Tuesday, November 8, 2016


Jamie worked night shift stocking shelves at the local discount store where I worked evenings as a cashier. One night sometime around 11:30, Jamie walked up to the front of the store to where I stood at the one lonely express register still open.

Jamie was pale. He was bent over, holding his thigh between his two hands as he walked.

"Jamie," I asked, "are you okay?"

He stopped, swayed, and looked over at me. That was when I saw the trail of blood leading back toward the grocery aisles.  "Call an ambulance," he whispered.

My heart leapt into my throat. I picked up the register phone. "CALL AN AMBULANCE! WE NEED A MANAGER UP FRONT IMMEDIATELY!" I shouted.

Minutes later, Jamie and the store manager were on their way to the emergency room. A crew began cleaning up the trail of blood that ran from the front door to the dry goods aisle where Jamie had buried the blade of a box cutter in his thigh.

We learned before the night was out that the razor-sharp blade had narrowly missed the artery in Jamie's leg. If he had not had the presence of mind to hold the wound close and apply pressure, the artery would most likely have ruptured before he reached the front of the store. If he and the few employees still at the store hadn't recognized the seriousness of his injury and acted quickly, Jamie could have very well bled to death that night.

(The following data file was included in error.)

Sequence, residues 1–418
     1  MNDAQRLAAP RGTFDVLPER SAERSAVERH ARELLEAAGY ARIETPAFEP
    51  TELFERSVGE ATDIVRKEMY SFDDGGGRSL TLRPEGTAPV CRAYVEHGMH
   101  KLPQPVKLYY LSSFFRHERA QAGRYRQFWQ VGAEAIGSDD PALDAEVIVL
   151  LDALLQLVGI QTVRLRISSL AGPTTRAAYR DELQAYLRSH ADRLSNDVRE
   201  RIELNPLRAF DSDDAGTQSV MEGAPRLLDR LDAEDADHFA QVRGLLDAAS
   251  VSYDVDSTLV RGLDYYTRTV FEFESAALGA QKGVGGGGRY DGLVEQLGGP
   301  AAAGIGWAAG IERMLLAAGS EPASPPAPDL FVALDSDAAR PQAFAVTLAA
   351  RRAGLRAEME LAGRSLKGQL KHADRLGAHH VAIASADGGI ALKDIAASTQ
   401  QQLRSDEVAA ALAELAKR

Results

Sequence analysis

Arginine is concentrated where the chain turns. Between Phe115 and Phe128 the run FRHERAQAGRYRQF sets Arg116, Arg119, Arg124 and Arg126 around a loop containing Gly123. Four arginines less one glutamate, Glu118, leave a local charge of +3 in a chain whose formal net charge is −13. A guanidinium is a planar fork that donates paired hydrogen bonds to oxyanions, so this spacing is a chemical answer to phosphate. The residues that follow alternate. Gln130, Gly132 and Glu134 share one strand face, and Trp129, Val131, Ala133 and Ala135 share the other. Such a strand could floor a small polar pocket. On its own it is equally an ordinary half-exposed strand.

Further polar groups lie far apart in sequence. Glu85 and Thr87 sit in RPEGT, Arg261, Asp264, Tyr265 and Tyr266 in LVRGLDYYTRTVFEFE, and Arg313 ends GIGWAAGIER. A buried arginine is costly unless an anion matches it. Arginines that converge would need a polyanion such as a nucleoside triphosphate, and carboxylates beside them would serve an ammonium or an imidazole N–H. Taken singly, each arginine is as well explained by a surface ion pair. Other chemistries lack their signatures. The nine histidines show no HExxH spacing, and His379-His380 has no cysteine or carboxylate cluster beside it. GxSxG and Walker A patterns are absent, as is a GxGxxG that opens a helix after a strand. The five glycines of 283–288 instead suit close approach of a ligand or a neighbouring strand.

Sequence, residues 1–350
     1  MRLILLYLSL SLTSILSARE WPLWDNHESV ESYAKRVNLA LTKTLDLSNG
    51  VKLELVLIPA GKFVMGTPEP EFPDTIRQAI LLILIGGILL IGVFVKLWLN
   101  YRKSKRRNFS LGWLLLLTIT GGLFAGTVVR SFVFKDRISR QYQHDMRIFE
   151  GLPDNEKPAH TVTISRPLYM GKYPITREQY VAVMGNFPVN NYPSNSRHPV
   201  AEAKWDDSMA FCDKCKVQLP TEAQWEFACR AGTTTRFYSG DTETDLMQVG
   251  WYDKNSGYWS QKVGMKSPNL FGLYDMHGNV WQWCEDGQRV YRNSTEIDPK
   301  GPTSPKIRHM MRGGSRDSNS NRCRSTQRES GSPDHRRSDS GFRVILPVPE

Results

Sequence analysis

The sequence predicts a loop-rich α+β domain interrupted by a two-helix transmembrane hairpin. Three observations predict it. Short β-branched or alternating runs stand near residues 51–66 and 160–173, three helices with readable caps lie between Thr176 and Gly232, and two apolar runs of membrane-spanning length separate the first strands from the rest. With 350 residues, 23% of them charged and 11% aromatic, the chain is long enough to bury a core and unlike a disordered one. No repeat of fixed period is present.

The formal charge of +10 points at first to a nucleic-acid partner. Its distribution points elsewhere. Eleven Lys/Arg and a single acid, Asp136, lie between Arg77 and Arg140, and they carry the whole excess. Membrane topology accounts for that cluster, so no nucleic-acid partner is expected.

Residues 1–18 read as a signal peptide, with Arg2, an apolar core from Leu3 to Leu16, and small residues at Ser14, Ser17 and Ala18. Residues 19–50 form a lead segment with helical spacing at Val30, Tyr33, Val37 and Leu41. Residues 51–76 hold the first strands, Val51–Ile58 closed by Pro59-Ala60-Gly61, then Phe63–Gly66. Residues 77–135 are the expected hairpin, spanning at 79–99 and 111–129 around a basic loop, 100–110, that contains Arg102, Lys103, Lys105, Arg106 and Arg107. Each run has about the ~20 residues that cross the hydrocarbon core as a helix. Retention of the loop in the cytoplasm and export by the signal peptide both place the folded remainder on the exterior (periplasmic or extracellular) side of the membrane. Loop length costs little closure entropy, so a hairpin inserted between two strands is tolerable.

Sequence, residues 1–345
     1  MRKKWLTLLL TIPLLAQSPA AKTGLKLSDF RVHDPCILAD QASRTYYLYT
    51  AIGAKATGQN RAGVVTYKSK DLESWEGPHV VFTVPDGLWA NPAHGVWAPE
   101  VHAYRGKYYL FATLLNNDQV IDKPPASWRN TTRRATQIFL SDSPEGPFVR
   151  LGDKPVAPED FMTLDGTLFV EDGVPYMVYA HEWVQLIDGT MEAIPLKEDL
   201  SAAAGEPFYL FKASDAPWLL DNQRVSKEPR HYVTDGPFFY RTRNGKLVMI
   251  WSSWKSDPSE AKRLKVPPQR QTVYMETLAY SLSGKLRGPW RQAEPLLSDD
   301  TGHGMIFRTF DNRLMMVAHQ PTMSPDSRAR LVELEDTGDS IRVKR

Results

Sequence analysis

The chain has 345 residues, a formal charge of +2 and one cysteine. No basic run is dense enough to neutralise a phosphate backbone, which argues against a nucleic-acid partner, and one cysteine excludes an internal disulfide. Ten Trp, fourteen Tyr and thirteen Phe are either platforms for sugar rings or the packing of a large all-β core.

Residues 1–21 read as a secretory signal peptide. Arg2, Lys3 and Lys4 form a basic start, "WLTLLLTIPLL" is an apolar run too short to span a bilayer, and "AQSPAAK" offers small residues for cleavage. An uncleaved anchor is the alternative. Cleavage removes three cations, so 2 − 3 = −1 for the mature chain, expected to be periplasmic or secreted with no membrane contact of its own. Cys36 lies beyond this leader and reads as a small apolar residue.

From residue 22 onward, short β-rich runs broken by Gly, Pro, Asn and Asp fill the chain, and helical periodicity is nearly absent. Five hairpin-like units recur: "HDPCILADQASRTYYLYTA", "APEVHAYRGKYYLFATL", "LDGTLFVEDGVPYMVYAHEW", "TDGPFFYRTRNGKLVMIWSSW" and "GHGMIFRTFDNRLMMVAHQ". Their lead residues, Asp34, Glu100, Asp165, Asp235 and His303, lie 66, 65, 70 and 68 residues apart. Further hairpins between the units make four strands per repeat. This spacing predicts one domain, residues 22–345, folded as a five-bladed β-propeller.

I have had a dislike of box cutters ever since.

Recently, when I was in a moment of great distress and heartache, someone responded to my brokenness with, "Awww, darling, you just need a hug."

I was too stunned to reply. Like Jamie on the night he stabbed his thigh, I was pale and weak.

Jamie didn't need a hug: he needed emergency medical assistance.

I did not just need a hug: I needed an infusion of the resurrection power of Jesus. Thankfully, keener eyes rightly assessed the situation, and I was not left to bleed to death.

(To patronize someone means to treat them coolly, or with an air of condescension. It means to speak to another with an air of moral or intellectual superiority, to speak down to them, to dismiss them. Please, don't patronize me. Honestly, even if I'm bleeding, I'd prefer you insult me outright.)

* * *

What good is it, my brothers, if someone says he has faith but does not have works? Can that faith save him? If a brother or sister is poorly clothed and lacking in daily food, and one of you says to them, "Go in peace, be warmed and filled," - [or, "Awww, you just need a hug"] - without giving them the things needed for the body, what good is that? So also faith by itself, if it does not have works, is dead. - James 2:14-16

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